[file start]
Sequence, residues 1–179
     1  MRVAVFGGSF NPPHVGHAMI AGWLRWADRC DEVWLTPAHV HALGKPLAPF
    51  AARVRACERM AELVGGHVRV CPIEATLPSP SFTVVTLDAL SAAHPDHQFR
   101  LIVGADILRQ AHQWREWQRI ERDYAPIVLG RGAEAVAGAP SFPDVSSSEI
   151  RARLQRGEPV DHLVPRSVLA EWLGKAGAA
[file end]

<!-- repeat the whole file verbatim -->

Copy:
Sequence, residues 1–179
     1  MRVAVFGGSF NPPHVGHAMI AGWLRWADRC DEVWLTPAHV HALGKPLAPF
    51  AARVRACERM AELVGGHVRV CPIEATLPSP SFTVVTLDAL SAAHPDHQFR
   101  LIVGADILRQ AHQWREWQRI ERDYAPIVLG RGAEAVAGAP SFPDVSSSEI
   151  RARLQRGEPV DHLVPRSVLA EWLGKAGAA